Participatory methods, behaviour-influence and development – a discussion paper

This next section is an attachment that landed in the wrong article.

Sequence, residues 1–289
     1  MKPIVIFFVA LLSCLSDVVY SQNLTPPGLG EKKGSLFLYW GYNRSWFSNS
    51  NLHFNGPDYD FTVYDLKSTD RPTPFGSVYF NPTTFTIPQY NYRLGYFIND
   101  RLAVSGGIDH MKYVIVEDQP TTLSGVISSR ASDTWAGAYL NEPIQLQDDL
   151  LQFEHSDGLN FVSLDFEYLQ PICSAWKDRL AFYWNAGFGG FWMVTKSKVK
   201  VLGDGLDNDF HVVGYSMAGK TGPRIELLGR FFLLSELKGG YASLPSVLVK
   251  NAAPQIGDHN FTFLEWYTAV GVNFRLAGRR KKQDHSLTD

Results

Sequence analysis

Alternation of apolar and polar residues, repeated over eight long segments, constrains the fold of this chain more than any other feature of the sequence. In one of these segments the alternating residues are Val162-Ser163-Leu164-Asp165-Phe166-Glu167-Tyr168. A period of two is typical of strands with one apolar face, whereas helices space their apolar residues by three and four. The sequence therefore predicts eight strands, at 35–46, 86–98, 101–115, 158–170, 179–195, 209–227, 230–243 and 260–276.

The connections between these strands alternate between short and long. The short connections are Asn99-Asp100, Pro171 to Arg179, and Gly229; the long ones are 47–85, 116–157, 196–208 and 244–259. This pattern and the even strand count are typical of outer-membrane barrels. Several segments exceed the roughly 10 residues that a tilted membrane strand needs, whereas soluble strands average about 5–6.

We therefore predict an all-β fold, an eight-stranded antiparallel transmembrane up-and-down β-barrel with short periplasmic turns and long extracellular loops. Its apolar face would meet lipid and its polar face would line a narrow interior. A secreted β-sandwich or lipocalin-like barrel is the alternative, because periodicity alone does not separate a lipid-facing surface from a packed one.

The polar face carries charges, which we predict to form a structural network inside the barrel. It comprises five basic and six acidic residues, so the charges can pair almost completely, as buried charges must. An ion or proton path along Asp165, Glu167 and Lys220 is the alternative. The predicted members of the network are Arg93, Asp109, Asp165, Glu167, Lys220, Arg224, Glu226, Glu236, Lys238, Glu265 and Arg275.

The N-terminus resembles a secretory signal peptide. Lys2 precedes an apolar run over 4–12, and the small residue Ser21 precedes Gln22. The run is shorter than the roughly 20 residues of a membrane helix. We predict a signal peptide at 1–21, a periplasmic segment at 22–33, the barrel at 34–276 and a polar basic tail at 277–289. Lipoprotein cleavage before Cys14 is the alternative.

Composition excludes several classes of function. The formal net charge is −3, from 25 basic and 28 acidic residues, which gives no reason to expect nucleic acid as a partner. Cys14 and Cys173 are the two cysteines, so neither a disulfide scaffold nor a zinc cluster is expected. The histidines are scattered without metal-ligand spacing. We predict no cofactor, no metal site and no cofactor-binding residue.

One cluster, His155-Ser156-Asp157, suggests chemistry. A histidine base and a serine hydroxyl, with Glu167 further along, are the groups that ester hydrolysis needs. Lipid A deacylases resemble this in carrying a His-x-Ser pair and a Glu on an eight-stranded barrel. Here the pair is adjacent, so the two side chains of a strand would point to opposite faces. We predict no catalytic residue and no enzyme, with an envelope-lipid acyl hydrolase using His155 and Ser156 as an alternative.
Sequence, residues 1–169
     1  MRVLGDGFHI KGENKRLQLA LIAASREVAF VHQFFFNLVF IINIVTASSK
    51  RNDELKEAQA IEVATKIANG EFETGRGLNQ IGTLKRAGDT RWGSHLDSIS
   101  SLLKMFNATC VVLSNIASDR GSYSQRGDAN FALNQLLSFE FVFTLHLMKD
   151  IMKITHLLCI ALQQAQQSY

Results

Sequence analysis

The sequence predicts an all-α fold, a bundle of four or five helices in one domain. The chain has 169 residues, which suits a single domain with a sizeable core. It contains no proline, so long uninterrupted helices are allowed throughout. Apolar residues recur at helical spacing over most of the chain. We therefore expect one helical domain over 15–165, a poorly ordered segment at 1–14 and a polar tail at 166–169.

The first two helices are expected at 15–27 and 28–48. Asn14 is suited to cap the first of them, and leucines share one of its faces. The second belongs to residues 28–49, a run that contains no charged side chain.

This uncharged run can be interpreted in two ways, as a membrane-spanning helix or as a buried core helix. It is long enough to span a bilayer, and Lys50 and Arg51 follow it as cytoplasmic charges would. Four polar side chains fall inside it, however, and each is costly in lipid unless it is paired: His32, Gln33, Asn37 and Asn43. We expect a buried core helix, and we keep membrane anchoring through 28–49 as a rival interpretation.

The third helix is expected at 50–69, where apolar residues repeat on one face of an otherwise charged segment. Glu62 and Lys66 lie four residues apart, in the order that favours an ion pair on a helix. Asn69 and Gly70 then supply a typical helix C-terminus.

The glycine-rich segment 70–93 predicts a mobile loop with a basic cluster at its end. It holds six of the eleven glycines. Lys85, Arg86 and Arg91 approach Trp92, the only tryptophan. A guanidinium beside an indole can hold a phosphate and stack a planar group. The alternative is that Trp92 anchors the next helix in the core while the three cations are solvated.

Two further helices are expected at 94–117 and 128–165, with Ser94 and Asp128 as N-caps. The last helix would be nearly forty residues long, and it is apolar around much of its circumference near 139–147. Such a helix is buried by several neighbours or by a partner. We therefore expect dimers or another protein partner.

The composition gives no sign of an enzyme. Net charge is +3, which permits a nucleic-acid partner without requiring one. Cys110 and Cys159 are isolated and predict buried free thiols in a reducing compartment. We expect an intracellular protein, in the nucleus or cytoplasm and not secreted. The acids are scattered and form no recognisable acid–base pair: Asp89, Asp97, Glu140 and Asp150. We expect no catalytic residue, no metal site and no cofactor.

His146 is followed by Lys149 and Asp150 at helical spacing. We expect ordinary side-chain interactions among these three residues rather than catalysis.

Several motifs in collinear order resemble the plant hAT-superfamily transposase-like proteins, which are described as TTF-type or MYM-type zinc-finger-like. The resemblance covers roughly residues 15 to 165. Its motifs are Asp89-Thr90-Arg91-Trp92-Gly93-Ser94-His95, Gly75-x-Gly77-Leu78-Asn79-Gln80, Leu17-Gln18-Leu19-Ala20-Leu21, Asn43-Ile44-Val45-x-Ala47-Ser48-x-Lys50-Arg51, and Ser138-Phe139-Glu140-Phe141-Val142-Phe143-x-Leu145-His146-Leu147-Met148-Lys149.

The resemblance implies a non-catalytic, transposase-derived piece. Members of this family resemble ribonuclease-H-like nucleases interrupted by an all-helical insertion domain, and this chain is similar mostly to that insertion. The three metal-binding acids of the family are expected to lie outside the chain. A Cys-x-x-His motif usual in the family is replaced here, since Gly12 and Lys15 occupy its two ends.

In the past few decades two complementary revolutions have been taking place; both involve behaviour change. The participatory revolution has involved the development of methods for enhancing the participation of ordinary people in decision-making at various levels. A revolution in the behavioural and related sciences has led to advances in the understanding of the fundamental principles of behaviour; these govern the ways in which behaviour is or can be influenced. This paper firstly describes how these principles underlie participatory methods. Secondly, development is described in terms of an increase in the variety and number of influences on behaviour. Many of these influences – in particular, many commercial marketing methods – promote unsustainable behaviours. These, in aggregate, drive 3 sets of crises: climate change and other environmental problems; the pandemics of obesity and lifestyle diseases; and financial and economic crises. The paper concludes by arguing that a confluence between the two revolutions will help researchers, practitioners and policymakers to better understand and more adequately address the behavioural roots of these crises; several other benefits of adopting a ‘behaviour-influence’ perspective on sustainable development are also discussed.